None of the input by these elitist panelist’s came as a surprise. In fact many of their responses were predictable. Cooper, Mitchell and Miklaszewski obviously wanted to use their airtime to promote their next story..to keep the news cycle going. That’s their job so more power to them. Hayden, as a George W. Bush appointee, surely would not suddenly have a change of heart and say anything contrary to the proven failed policies of that administration. Richard Haass, in symphony with Hayden, played his “bad cop” role to the hilt. Haass never seemed to miss a step in his criticism of the Obama administrations handling of Libya (excerpted comments):

David Gregory, the host (and I use that term lightly) of Meet The Press, Began the discussion:  I want to talk, however, about how much is on the president’s plate right now. You talk about crisis management and a confluence of crisis.  We’ve pulled together some cover stories from Time magazine–I want to put it up there on the screen–“Target Gaddafi.” The next one, “Hitting Home:  Tripoli Under Attack.” And the next one, “Meltdown.”

MR. RICHARD HAASS:  It’s a lot to manage, but also it raises the importance of an administration having its priorities.  You’ve got a lot to manage with Japan, you’ve got a lot to manage with what’s going on in the broader Middle East, you’ve got a lot to manage what’s going on in the United States in terms of our economy and our deficit.  So one of the real questions is why are we doing as much are we are doing in Libya?  So many of your guests are talking about too little too late.  Let me give you another idea, David, too much too late.  In times of crisis and multiple crisis, administrations have to figure out their priorities.  They got to do some triage.  The–to me, the big problem is not what we haven’t done, it is what we are doing.

MR. GREGORY:  Richard, you, you just have broad concerns as you, as you penned a piece in the Wall Street Journal earlier this month, “The US should keep out of Libya.”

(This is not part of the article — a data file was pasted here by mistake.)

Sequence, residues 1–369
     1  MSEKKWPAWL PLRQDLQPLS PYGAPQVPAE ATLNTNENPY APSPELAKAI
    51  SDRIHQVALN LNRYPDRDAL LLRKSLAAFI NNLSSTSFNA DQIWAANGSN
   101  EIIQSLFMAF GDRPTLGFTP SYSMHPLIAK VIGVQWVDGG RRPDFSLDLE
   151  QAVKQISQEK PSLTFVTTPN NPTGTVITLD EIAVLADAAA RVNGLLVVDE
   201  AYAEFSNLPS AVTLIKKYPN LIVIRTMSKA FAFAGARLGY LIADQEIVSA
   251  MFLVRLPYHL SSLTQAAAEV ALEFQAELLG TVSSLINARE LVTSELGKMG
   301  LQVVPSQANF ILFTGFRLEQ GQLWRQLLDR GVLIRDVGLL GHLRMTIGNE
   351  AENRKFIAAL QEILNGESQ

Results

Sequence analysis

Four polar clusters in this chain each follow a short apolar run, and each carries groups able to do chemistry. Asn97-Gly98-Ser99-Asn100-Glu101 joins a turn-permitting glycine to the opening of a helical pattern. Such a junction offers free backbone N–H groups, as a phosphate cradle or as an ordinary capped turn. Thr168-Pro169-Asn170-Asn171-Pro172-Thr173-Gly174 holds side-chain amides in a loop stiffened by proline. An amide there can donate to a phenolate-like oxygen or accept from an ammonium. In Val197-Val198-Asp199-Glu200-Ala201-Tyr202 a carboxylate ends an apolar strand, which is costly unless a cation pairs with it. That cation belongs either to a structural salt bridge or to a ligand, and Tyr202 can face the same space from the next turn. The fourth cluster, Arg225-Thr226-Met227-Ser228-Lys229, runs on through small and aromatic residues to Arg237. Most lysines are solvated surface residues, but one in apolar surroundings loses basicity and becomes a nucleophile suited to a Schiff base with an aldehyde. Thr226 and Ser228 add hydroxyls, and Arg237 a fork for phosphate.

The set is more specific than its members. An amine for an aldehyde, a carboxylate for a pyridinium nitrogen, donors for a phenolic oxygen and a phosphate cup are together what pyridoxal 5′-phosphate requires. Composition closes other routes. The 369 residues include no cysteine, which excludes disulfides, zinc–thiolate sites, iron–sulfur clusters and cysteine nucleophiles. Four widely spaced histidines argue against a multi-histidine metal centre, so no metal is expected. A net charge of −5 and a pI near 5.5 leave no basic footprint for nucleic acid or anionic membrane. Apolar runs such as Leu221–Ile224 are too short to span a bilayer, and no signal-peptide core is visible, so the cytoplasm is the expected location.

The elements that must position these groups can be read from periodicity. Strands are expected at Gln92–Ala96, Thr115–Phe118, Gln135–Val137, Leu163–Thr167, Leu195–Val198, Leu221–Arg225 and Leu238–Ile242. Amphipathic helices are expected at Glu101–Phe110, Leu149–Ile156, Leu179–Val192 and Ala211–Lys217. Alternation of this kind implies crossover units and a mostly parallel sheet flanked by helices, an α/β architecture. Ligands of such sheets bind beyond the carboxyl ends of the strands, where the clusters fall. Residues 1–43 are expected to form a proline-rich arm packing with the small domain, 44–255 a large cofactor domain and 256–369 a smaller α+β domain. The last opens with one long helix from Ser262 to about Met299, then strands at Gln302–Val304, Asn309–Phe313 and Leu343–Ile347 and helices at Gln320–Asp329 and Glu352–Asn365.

MR. HAASS:  Again, our interests aren’t vital.  We’re talking about 2 percent of the world’s oil.  Yes, there’s a humanitarian situation on, but at the risk of seeming a bit cold, it is not a humanitarian crisis on the scale say of Rwanda.  We don’t have nearly 100–a million people, innocent men, women and children whose lives are threatened.  This is something much more modest. This is a civil war.  In civil wars, people get killed, unfortunately.  But we shouldn’t kid ourselves.  This is not a humanitarian intervention, this is U.S. political, military intervention in a civil conflict which, by the way, history suggests, often prolongs the civil conflict.  And, as several people have already pointed out, what is step B?  Whether Gadhafi complies with what we want or whether he resists successfully, either way, we are going to be stuck with the aftermath of essentially having to take ownership of Libya with others.  And just because others are willing to share in something, as so many people point out, doesn’t make it a better policy.  It just means the costs are going to be distributed.  But the policy itself is seriously flawed.

MR. GREGORY:  The big ideas and are we getting them right?

MR. HAASS:  Mike Mullen says the big idea, the biggest single national security threat facing the United States is our economy, it’s our fiscal situation.  This will not make it better.  Instead, we are ignoring a previous secretary of state, John Quincy Adams, someone you haven’t had on the show in awhile.  We are going abroad in search of monsters to destroy.  There’s any number of monsters.  But is this, right now, something that’s strategically necessary and vital for the United States, given all that’s happening in places like Egypt, Bahrain, Saudi Arabia, around the world, with all that we need to repair at home?  The answer, I would think, is not.  And that’s the big idea the administration’s missing.  It’s not enough to simply want to do good around the world wherever we see bad.  We’ve got to ask ourselves, where can we do good, at what cost, against what else we might have to do?